What do you look for in a sports car? Ask that question to enthusiasts nowadays and they might reply manual transmission or rear-wheel drive. While there are quite a few cars out there that fit the bill, many would consider the Porsche 911 to be the holy grail for modern sports cars.
And if you’ve been a devout follower of the brand, you know that the current generation (992) offers a seven-speed manual transmission on the Carrera and the Carrera 4S as an option. But for those who want something a little more special, there’s a limited-run model called the 911 Sport Classic.
Before you say anything, yes, this looks like a 911 Turbo, because it uses the wide fenders normally reserved for that model. But it lacks the rear fender vents and has a “double-bubble” roof, a carbon-fiber hood, 20/21-inch Fuchs-style wheels, and a gorgeous rear ducktail spoiler (also made from carbon fiber) for a cleaner look.
To build on the heritage aspect, the car is finished in a new “Sport Gray Metallic” paint job with hand-painted double stripes, a racing number, and the Porsche script down at the side. To top it off, there are gold Porsche Exclusive Manufaktur plaques on the front fenders, and a Porsche Heritage seal found on the engine cover.
Porsche says that this color scheme was inspired by the Fashion Gray finish of the early Porsche 356s, but you can also get it in other colors.
The interior also has special throwbacks, like the green-and-white color scheme found in the gauges and Sport Chrono clock. These were the colors of the gauges used in Porsche cars up until 1967.
There’s also the iconic “Pepita” pattern found in the seat centers and the door cards, and the interior is lined in black and bright cognac leather with wood trim. There’s also a gold 911 plaque that shows the car’s limited-edition number on the dashboard. Alternatively, you could spec it out with a black interior if you prefer something a little more discreet.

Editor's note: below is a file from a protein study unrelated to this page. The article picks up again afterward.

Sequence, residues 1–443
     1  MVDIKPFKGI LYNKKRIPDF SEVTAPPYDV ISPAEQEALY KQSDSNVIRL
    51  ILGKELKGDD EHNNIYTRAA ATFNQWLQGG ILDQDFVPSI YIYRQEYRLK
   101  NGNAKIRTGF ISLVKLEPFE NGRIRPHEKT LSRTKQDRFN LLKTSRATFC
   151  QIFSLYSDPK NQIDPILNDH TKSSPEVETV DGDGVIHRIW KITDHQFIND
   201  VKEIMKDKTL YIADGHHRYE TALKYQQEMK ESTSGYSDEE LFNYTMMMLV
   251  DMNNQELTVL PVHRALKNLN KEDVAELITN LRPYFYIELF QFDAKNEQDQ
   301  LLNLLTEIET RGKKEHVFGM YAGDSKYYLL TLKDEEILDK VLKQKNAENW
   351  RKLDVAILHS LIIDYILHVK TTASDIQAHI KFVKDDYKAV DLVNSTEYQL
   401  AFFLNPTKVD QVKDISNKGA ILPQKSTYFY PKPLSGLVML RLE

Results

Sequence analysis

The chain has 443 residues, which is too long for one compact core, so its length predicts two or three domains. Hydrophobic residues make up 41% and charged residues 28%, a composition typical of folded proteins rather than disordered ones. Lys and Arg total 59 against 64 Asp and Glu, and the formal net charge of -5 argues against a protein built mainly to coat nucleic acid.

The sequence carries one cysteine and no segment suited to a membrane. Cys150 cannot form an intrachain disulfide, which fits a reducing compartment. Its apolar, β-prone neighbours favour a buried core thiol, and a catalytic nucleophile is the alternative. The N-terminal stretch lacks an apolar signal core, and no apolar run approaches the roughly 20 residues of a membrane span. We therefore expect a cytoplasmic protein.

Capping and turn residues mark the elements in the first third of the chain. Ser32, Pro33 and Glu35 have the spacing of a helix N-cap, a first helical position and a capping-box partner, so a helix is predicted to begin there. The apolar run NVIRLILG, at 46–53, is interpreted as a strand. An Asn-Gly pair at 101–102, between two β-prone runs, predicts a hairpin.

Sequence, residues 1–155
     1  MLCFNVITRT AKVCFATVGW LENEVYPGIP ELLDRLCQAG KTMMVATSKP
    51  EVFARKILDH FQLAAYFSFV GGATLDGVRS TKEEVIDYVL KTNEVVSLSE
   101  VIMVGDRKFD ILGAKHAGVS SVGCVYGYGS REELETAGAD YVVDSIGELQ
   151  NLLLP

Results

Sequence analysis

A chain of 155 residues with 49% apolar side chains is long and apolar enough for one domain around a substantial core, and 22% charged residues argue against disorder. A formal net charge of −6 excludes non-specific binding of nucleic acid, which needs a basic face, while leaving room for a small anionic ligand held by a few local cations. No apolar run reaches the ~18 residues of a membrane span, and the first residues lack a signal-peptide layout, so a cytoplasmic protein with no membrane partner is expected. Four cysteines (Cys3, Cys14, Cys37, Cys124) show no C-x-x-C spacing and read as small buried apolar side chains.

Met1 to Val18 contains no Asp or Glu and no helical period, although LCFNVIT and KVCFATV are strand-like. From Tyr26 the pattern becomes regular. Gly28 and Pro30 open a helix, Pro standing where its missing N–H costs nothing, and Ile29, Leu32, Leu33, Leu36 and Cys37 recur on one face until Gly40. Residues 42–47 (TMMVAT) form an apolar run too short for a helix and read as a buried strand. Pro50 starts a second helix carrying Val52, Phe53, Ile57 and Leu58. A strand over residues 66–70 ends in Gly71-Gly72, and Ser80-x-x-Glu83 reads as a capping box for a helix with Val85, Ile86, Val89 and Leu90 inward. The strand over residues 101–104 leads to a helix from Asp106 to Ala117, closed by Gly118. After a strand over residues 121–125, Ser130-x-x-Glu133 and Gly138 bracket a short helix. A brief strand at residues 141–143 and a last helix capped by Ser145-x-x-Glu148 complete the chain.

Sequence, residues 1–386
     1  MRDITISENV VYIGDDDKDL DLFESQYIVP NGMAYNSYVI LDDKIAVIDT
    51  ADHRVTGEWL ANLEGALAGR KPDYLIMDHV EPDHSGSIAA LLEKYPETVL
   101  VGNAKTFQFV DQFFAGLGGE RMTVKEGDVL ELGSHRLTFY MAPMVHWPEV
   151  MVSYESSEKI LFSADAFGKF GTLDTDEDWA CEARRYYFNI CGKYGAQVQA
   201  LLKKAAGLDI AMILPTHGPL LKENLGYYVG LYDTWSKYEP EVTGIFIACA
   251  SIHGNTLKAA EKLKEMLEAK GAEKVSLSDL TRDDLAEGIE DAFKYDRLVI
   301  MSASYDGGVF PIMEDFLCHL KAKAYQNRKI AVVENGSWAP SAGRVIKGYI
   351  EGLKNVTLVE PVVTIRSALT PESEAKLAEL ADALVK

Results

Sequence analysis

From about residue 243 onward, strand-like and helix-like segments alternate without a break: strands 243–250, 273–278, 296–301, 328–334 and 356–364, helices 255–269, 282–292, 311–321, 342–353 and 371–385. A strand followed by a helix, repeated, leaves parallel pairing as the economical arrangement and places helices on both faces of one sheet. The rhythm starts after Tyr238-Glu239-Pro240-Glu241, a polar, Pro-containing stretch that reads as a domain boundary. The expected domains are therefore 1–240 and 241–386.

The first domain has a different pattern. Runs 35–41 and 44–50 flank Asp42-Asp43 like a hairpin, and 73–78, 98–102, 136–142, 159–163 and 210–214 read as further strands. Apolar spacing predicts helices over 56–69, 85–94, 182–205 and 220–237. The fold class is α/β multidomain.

But this is more than just another cosmetics package. You see, this is the most powerful manual-transmission 911 available. It uses the 911 Turbo’s 3.7-liter flat-six engine, but with a reduced power output of 542hp to allow for the seven-speed manual transmission to send power to the rear wheels. There’s an auto-blip function, but we reckon that most enthusiasts will be doing the good old heel-and-toe technique.
The suspension is based on the one found in the 911 Turbo and GTS, so it has the same Porsche Active Suspension Management system. It also has a ride height that’s 10mm lower than the standard vehicle.
A total of 1,250 units will be made, so you’d better act fast if you want your own. The car is expected to reach dealerships in late 2022, but there’s no price announced yet.